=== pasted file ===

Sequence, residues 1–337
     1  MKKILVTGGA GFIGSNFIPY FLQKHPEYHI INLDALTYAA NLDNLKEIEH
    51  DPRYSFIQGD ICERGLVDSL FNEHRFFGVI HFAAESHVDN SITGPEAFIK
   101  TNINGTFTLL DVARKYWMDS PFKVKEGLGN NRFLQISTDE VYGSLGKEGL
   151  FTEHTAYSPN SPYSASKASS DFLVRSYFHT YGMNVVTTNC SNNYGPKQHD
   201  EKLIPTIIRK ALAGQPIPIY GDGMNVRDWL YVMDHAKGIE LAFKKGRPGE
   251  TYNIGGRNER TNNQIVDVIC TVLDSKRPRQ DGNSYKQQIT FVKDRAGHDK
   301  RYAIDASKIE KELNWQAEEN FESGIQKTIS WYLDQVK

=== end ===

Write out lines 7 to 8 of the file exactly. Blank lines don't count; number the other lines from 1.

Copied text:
   251  TYNIGGRNER TNNQIVDVIC TVLDSKRPRQ DGNSYKQQIT FVKDRAGHDK
   301  RYAIDASKIE KELNWQAEEN FESGIQKTIS WYLDQVK